Updating sql view
id Data, -- PK of main table tab Data fi SL, fi Model, fi Claim Status -- FK to dim Claim Status FROM tab Data AS d INNER JOIN loc SL AS sl ON SL = SL INNER JOIN loc GSP AS gsp ON GSP = GSP INNER JOIN loc Country AS c ON Country = Country INNER JOIN loc Market Unit AS mu ON Market Unit = Market Unit INNER JOIN mod Model AS m ON Model = Model INNER JOIN dim Claim Status AS s ON Claim Status = Claim Status INNER JOIN tdef Product Type ON Product Type = tdef Product Product Type LEFT OUTER JOIN tdef Service Level ON d.fimax Service Level = tdef Service Service Level LEFT OUTER JOIN tdef Action Code AS ac ON d.fimax Action Code = Action Code UPDATE tab Data SET fi Claim Status = (SELECT id Claim Status FROM dim Claim Status WHERE Claim Status Name = 'Awaiting auth.') WHERE fi Claim Status=(SELECT id Claim Status FROM dim Claim Status WHERE Claim Status Name = 'Approved') updatable in practice, due to limitations of the query processor's reasoning.
We’ll briefly explore both options so you can find what works best for you.
However, to create an updatable view, the SELECT statement that defines the view must not contain any of the following elements: If you create a view with the TEMPTABLE algorithm, you cannot update the view.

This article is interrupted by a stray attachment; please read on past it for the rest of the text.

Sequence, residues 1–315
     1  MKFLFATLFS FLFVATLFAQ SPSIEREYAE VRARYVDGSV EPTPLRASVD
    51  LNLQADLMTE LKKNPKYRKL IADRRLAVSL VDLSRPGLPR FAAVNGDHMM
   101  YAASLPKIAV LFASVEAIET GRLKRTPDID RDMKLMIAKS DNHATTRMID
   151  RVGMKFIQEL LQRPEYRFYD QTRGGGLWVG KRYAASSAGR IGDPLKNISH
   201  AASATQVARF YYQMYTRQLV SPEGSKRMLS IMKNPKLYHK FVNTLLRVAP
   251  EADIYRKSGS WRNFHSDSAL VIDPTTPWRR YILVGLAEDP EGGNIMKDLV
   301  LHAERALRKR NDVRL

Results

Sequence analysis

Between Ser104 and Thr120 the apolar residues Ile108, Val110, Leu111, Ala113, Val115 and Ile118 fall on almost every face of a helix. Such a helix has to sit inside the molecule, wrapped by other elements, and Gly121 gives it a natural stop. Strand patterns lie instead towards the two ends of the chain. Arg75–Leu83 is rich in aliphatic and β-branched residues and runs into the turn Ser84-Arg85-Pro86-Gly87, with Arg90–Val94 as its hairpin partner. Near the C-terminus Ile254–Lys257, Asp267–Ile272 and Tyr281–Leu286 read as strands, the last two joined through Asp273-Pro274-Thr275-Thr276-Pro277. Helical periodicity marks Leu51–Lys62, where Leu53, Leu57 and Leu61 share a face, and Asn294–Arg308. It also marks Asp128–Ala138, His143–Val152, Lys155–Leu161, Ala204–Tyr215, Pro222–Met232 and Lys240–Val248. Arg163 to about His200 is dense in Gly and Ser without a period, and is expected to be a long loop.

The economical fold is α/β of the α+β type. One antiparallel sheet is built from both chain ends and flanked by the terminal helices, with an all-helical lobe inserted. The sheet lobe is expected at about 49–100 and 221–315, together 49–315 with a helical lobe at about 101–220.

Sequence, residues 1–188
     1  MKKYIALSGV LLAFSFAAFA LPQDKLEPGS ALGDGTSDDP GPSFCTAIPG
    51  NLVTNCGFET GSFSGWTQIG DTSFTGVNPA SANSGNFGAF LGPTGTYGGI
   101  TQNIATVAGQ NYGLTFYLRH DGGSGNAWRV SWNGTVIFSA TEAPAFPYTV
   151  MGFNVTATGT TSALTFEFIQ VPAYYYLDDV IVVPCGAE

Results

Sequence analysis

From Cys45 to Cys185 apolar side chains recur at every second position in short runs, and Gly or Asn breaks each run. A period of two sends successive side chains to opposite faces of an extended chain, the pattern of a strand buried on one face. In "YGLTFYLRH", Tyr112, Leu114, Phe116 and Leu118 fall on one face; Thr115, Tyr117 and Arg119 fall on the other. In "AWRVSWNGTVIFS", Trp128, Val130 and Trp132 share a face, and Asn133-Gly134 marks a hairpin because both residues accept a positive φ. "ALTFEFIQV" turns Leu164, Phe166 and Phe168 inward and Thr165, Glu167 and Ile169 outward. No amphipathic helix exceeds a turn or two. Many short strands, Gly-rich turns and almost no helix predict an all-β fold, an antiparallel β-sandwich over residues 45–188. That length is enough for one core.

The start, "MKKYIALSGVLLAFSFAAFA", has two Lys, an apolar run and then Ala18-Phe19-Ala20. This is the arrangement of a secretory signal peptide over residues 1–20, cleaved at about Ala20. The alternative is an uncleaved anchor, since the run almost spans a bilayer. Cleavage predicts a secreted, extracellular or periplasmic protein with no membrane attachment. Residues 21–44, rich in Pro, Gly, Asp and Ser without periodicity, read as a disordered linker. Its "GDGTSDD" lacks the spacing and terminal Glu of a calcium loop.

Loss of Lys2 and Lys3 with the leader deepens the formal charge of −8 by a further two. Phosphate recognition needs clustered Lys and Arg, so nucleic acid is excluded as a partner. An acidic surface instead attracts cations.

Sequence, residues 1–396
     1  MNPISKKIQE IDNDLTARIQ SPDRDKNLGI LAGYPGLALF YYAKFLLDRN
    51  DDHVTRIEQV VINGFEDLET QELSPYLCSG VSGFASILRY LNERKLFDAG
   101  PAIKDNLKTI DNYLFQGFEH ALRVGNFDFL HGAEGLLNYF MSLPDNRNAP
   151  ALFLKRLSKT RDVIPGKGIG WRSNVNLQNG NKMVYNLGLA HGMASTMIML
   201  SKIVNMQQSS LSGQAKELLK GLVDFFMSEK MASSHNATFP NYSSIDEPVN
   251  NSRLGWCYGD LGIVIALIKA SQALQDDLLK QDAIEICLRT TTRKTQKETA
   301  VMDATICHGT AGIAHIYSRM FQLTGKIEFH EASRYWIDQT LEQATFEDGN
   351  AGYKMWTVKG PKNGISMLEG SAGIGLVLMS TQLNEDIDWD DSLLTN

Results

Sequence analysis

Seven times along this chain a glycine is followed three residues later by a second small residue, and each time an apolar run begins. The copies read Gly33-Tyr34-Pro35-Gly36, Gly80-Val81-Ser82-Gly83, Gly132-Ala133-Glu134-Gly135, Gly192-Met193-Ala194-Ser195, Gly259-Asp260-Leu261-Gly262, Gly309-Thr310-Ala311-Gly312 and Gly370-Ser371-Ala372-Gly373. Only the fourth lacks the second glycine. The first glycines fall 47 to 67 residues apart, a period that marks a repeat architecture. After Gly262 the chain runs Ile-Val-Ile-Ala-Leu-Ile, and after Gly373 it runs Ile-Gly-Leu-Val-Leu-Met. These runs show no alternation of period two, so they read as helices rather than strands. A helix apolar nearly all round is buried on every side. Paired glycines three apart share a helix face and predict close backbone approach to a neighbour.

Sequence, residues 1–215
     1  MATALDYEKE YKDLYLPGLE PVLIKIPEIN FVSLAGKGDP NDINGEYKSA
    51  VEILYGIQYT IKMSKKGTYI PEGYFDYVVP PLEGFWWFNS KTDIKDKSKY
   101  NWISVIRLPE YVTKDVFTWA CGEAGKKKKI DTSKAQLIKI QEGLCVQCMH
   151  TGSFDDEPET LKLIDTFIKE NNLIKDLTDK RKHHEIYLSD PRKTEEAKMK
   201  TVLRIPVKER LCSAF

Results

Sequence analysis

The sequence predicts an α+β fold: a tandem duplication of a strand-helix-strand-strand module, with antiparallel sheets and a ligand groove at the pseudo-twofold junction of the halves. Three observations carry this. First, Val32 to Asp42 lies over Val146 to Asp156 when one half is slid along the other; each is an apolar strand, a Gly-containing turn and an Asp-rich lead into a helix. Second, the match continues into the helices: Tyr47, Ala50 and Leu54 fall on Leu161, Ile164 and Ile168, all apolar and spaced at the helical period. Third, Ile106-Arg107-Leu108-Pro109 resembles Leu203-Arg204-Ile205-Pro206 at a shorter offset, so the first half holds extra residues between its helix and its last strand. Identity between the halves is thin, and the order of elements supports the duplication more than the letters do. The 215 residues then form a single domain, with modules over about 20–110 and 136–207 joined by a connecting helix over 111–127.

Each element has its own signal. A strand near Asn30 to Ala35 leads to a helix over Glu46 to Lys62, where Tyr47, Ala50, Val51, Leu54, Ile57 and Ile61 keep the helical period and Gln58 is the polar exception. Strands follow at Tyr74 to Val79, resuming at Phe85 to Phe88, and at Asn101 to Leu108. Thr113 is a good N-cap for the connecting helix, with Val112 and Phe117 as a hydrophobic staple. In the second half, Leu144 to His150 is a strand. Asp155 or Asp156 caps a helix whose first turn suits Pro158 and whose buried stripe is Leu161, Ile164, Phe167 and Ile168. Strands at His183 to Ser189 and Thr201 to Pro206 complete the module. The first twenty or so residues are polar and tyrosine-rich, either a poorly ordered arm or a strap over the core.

Note that it is sometimes possible to create updatable views based on multiple tables using an inner join.
This is a requirement of the relational model and is referred to as relational closure.
A view is basically the relational model's way of turning a SELECT statement into a "table" that is accessible using SQL. They can consist of any combination of the following: Views are defined using SQL and are represented internally to SQL Server by a SELECT statement, not by stored data.
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you're not breaking the rules for updateable views, then you should be okay. So not using a view for updates seems to be the safest approach.